By providing easy access to restaurant and entertainment options downtown, including the third phase of The Banks — a signature riverfront retail, dining and entertainment destination — the Streetcar’s promise of connectivity without congestion is likely to be fulfilled.

At a time when infrastructure development had been radiating further and further away from the urban core, both the Kennedy Connector and the new streetcar system are tremendously important for Cincinnati’s development landscape.

Retail’s Re-emergence

Needless to say, the resurgence in residential redevelopment that has been taking place (both downtown and in the first-ring suburbs), and the game-changing new infrastructure improvements in place and on tap have generated a great deal of interest among commercial and mixed-use developers — as well as retailers and restaurateurs.

As existing neighborhoods continue to evolve, and as new residential and mixed-use projects come online, retailers are adjusting their strategies to accommodate changing demographics and new civic realities.

There will be opportunities for retailers and restaurateurs to make a move into downtown Cincinnati, but it is important to note that those opportunities will not necessarily be plentiful.

A competitive market with space and format constraints may require some flexibility, and we have yet to see the traditional big-box retailers adapt their footprint to move into downtown.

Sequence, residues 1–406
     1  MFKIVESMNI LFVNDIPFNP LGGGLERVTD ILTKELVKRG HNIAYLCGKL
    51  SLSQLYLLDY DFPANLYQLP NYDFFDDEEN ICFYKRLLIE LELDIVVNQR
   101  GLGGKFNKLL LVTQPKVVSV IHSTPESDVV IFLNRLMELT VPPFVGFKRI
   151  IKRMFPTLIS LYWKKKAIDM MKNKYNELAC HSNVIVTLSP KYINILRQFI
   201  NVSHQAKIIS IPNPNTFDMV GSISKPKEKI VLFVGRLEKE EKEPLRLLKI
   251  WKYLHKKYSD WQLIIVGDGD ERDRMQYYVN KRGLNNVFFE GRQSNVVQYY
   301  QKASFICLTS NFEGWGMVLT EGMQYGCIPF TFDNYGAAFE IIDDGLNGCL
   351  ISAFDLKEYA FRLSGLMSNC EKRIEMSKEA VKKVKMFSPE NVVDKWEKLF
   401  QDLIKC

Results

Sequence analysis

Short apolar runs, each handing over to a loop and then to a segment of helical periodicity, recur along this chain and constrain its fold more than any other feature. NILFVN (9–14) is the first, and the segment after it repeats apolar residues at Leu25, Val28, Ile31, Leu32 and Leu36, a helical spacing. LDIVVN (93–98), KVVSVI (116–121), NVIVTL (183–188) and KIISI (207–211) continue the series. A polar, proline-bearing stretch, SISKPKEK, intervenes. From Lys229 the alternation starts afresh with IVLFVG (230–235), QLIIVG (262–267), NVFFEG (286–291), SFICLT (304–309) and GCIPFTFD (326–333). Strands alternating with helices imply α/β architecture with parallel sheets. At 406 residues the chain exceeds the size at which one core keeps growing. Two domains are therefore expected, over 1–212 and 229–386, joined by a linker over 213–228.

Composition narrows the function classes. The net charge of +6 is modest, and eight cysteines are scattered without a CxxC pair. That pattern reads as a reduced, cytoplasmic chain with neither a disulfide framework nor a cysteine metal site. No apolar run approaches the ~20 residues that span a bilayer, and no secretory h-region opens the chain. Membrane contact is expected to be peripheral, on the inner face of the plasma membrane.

Where the city has experienced significant momentum already is in the grocery and restaurant sector, with several grocery operators exploring downtown opportunities and an explosion of new restaurants moving into re-energized urban neighborhoods. The revitalization of some of those historic neighborhoods — such as Over-the-Rhine and Corryville — is especially significant from a development standpoint.

Projects like Views on Vine, Oakley Station and U Square are emblematic of the kind of residential and mixed-use project that is leading the development charge.

Views on Vine, the $20 million project in the Corryville neighborhood, features 104 apartments over ground-floor retail and dining options, and the apartments are already fully leased.
U Square, a new LEED multi-use project between McMillan and Calhoun streets across from the University of Cincinnati’s main campus, includes 161 upscale apartments, 80,000 square feet of retail space and 40,000 square feet of University of Cincinnati office space.

Overall, the Uptown/Clifton area has re-established itself as a tremendously popular and important community. The area includes six hospitals and the University of Cincinnati. The university is the largest employer in Greater Cincinnati, with more than 42,000 students enrolled annually and an estimated economic impact of approximately $3 billion.

The development pattern emerging in Cincinnati highlights the symbiotic relationship of retail, residential and infrastructure/transportation.

It seems clear that the city’s shifting population will continue playing a significant and perhaps defining role in the planning and execution of successful retail projects and growth throughout Cincinnati’s revitalized urban neighborhoods.

By Michael Halonen, co-founder, partner at Edge Real Estate Group LLC, an X Team International Partner. This article originally appeared in the July 2014 issue of Heartland Real Estate Business magazine.